Men who have prostate cancer are on average four times more likely to suffer a hip fracture, with rates rising to eight times in men aged 50 to 65, according to a study of more than 60,000 men published in the October issue of the urology journal BJU International.
Danish researchers looked at 62,865 men aged 50 and over, with an average age of just under 67.
15,716 had suffered a fracture of some description and 47,149 formed the non-fracture control group.
They discovered that prostate cancer made men 1.8 times more likely overall to suffer a fracture and 3.7 times as likely to suffer from a hip fracture. But the hip fracture risk was eight times higher in men from 50 to 65 years of age. No increased risk of vertebral fractures was found by the research.
Our study showed that more than three per cent of hip fractures in men aged 50 and over can be attributed to prostate cancer says lead researcher Dr Bo Abrahamsen from Copenhagen University Hospital, Gentofte. And the risk remains even when men have recovered from the disease.
The researchers - urologists and endocrinologists from Danish hospitals attached to the University of Southern Denmark and Copenhagen University - now plan to establish a multi-centre initiative focussing on the early diagnosis and treatment of osteoporosis in men with prostate cancer.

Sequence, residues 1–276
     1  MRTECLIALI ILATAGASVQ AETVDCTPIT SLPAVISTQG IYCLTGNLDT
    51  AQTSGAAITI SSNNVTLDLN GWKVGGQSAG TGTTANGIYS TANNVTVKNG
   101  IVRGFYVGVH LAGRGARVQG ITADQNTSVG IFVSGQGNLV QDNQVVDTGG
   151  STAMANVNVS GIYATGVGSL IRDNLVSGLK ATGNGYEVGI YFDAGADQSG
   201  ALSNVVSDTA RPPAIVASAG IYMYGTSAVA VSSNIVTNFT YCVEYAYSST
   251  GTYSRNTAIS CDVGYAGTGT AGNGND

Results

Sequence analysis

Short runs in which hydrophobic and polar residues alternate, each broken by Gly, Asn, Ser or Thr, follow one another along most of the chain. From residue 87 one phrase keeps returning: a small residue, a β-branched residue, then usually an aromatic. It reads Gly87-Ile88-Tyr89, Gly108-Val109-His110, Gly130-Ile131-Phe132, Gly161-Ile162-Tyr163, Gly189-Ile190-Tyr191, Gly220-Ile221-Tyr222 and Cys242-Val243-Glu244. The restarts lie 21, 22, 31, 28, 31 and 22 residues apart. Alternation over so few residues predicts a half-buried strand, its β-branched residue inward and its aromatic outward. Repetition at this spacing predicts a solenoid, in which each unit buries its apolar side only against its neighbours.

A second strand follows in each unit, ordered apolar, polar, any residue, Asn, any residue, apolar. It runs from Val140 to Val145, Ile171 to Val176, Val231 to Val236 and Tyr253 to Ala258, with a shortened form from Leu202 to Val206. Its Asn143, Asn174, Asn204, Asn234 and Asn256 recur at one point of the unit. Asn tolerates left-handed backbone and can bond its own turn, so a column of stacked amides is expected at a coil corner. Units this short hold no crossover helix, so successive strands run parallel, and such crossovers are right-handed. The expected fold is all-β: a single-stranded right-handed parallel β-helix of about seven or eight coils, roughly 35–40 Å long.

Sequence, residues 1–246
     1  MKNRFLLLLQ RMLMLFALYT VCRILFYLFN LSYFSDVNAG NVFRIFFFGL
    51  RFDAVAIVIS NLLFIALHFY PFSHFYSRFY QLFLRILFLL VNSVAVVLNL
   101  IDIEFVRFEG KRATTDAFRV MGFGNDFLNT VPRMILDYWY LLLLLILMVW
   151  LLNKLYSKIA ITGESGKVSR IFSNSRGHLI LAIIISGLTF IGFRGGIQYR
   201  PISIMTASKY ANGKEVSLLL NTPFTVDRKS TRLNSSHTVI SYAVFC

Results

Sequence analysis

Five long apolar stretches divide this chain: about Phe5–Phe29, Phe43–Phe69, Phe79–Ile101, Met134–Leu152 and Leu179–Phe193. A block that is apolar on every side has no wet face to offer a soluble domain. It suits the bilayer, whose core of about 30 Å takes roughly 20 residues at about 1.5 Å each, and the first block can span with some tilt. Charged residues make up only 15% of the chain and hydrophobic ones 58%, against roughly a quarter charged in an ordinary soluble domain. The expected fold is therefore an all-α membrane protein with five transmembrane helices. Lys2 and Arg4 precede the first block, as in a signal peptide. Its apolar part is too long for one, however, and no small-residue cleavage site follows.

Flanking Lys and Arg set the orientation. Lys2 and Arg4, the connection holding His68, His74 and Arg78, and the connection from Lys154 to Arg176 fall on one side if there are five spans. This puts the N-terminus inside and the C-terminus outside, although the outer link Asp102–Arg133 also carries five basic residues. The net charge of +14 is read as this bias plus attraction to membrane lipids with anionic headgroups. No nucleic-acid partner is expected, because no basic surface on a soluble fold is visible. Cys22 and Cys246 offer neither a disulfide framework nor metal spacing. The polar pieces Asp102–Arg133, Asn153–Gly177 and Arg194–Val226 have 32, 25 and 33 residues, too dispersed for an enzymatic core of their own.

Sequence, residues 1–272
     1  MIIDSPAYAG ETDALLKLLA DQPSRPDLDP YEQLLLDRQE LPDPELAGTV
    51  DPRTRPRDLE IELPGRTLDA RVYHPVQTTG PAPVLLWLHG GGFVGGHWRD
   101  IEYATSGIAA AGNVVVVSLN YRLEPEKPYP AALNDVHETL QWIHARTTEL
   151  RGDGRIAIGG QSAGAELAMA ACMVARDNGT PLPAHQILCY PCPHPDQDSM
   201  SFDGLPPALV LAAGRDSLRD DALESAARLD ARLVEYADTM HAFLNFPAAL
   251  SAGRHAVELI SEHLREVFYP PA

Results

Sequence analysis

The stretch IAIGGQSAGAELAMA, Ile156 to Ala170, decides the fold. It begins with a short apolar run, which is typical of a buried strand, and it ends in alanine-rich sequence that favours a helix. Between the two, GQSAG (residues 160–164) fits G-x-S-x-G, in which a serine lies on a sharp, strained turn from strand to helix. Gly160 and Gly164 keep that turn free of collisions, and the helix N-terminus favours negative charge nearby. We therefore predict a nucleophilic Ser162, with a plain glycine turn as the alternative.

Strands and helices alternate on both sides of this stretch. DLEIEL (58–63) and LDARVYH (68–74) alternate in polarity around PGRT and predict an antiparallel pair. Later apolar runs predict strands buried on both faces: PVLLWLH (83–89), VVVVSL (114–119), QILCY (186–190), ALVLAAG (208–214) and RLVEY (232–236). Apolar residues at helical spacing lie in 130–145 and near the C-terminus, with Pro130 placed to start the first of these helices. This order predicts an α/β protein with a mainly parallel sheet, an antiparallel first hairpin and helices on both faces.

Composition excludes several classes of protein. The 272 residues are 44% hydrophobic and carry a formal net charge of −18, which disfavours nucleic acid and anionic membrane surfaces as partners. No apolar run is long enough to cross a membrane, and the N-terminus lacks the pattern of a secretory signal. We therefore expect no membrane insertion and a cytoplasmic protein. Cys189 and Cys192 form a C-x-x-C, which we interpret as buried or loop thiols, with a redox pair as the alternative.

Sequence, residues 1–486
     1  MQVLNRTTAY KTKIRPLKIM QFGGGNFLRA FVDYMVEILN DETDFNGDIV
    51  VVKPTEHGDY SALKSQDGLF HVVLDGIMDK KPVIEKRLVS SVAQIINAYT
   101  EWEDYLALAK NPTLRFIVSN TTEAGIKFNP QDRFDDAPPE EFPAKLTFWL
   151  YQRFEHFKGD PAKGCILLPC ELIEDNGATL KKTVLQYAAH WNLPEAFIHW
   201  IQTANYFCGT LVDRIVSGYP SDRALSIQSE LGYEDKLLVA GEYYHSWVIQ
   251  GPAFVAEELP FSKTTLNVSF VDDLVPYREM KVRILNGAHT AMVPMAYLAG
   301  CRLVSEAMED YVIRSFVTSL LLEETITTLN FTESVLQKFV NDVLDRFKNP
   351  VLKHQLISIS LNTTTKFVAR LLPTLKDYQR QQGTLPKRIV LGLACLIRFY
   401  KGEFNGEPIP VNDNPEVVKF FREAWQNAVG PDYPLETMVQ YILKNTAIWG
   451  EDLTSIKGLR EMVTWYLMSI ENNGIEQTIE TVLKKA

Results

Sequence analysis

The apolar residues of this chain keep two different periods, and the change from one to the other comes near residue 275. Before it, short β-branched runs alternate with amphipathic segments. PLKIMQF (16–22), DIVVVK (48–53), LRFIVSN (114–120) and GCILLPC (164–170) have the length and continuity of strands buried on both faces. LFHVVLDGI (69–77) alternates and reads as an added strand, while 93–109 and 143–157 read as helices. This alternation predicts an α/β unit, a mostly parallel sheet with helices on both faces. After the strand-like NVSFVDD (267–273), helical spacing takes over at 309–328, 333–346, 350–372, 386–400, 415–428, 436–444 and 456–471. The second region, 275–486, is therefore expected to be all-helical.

Prostate cancer is now the cancer that men are most likely to develop and is a leading cause of male deaths in Europe and the USA stresses Dr Abrahamsen.
American research has also shown that men have a 17 per cent chance of prostate cancer during their lifetime. And Danish research has discovered that deaths from the disease have more than tripled since the Second World War.
Medical advances are improving survival rates, but the downside is that treatment can lead to osteoporosis, where the bone loses density and becomes more fragile. This is turn increases the risk of fractu
|Contact: Annette Whibley|
Blackwell Publishing Ltd.